Storage capacity has barely increased in 20 years, though population has risen by 10 per cent.
In two weeks’ time, millions of people in southern and eastern England will face a £1,000 fine if they use a hosepipe. So, as our water bills continue to rise faster than inflation (mine has risen by 10 per cent this year), many people will get even less water for their money. But before we blame this just on the unusual winter drought, a few figures are in order.
Since our water industry was privatised 20 years ago (it is now largely foreign-owned), our total storage capacity, 520 billion gallons, has barely increased. Due to drought, our reservoirs are only 90 per cent full, a shortfall of 50 billion gallons. Yet in the Thames Water area alone, more than 50 billion gallons a year is lost in leaks – fully a third of the total that the Australian-owned company delivers to its customers.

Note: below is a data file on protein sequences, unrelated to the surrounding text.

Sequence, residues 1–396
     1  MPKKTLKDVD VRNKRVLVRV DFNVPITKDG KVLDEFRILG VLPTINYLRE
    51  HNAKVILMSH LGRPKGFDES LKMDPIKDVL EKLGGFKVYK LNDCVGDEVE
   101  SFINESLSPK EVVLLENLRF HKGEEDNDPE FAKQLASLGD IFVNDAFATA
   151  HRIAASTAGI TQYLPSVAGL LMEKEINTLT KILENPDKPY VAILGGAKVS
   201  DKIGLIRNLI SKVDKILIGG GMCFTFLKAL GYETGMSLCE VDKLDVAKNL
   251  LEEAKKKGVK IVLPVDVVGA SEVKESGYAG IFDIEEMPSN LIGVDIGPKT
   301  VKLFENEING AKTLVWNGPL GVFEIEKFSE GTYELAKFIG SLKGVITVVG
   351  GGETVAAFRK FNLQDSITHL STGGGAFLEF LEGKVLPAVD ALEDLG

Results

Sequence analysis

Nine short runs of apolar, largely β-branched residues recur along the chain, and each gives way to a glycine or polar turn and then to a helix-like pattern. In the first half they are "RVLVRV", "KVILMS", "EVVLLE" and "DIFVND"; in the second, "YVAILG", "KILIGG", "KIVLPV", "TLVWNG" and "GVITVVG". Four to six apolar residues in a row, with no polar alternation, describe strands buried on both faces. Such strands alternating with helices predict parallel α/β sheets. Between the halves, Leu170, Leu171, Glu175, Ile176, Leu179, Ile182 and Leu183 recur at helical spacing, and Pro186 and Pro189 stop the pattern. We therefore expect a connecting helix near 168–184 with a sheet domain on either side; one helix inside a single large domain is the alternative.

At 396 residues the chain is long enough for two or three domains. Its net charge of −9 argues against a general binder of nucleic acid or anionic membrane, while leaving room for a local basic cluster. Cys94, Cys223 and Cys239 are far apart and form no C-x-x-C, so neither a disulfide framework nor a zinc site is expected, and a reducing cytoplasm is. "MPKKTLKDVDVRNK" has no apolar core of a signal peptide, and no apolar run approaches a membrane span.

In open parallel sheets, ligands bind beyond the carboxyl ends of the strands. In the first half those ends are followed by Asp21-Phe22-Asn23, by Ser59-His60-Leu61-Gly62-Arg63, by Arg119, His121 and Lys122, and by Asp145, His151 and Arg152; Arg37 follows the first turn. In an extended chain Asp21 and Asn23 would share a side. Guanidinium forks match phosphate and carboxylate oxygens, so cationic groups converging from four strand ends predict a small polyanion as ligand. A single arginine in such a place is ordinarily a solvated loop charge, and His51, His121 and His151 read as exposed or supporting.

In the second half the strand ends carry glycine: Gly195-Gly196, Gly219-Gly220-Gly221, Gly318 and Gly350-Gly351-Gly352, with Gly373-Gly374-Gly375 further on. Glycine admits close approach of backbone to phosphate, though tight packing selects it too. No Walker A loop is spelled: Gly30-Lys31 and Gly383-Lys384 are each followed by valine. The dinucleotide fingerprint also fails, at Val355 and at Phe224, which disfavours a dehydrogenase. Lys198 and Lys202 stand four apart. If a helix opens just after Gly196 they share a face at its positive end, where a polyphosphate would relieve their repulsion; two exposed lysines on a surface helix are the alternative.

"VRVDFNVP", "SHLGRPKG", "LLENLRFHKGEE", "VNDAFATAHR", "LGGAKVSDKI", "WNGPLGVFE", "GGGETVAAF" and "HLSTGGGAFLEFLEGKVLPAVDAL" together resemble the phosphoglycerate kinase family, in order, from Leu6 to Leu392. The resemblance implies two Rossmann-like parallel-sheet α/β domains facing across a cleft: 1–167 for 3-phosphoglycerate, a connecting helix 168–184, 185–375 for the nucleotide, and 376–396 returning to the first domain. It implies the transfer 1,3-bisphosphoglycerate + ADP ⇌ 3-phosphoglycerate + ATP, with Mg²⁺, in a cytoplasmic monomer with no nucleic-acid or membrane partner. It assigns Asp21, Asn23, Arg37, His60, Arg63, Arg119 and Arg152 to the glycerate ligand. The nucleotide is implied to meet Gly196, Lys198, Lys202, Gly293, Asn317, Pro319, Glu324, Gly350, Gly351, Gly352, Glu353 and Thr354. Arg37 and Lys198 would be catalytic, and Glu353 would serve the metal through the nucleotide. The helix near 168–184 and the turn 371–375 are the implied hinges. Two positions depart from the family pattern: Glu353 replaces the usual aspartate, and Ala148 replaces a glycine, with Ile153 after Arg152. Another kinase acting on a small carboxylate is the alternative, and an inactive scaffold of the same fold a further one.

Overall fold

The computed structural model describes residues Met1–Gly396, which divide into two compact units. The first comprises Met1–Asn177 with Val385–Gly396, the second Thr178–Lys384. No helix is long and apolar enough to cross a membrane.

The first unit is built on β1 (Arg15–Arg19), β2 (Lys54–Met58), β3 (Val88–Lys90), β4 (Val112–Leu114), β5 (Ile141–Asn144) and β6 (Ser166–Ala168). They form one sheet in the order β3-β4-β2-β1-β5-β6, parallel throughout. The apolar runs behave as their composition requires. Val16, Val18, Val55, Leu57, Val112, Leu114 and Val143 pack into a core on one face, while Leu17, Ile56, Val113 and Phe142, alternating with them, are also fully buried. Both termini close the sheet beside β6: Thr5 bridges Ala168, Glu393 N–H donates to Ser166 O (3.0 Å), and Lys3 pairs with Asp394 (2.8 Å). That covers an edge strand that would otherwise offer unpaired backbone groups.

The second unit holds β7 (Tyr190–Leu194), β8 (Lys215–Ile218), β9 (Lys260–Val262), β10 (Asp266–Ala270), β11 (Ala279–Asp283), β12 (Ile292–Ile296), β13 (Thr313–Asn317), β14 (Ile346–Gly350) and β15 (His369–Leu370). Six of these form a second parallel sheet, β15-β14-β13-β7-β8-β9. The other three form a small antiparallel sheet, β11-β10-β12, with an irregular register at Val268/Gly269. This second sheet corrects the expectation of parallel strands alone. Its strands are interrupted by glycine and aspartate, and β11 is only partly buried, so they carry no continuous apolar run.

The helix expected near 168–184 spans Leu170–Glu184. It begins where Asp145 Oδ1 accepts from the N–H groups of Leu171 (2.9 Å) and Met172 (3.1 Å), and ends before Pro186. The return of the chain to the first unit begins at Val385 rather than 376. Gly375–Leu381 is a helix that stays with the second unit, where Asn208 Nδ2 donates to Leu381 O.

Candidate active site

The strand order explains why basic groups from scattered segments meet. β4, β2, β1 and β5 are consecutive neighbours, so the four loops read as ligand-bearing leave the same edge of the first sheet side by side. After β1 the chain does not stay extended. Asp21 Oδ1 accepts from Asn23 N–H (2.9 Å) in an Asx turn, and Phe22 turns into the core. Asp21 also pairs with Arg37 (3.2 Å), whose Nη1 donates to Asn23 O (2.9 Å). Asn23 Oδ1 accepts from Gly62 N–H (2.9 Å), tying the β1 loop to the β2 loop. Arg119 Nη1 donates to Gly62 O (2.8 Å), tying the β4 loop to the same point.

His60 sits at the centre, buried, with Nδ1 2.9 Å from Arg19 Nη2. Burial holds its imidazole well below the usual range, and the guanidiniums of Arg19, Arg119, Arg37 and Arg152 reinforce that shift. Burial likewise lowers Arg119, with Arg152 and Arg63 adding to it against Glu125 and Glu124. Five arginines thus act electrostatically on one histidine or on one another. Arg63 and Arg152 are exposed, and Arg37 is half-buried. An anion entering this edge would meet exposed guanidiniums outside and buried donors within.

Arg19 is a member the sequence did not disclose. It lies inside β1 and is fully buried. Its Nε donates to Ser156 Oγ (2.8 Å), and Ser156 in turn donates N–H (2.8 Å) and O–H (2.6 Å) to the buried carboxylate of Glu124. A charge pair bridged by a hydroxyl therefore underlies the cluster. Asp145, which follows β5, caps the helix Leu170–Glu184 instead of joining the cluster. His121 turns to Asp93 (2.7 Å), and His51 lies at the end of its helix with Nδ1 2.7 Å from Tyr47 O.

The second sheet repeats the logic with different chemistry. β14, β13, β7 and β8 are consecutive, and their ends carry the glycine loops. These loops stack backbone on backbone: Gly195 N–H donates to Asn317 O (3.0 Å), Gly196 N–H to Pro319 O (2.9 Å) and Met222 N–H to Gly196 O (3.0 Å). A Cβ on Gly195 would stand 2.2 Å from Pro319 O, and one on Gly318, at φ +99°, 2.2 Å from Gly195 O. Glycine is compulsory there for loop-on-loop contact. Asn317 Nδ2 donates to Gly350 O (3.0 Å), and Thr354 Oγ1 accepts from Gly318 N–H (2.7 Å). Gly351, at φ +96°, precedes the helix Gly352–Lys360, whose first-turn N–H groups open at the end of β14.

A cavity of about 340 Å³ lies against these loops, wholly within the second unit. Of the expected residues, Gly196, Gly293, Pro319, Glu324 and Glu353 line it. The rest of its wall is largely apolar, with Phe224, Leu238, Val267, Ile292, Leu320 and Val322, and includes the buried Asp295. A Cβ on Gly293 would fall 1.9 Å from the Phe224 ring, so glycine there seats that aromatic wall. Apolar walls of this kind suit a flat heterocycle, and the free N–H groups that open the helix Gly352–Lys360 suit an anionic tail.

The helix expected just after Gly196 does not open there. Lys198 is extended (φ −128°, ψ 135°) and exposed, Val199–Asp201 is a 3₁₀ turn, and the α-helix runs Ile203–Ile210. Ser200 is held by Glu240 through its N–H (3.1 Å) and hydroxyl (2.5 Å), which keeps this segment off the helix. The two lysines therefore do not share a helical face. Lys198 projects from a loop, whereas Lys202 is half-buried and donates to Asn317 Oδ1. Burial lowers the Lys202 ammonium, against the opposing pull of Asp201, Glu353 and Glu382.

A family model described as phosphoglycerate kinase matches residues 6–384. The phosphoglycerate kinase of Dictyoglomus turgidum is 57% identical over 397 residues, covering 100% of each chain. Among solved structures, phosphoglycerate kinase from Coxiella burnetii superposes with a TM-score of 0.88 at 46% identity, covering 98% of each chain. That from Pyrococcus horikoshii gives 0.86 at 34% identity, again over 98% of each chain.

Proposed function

So where have all those tens of billions of pounds that we have handed to the water companies gone, if they haven’t been spent on increasing our water storage, over a period when the population rose by 10 per cent, or on mending leaks? (In Holland, where water is still state-owned, only 6 per cent is lost in leaks.)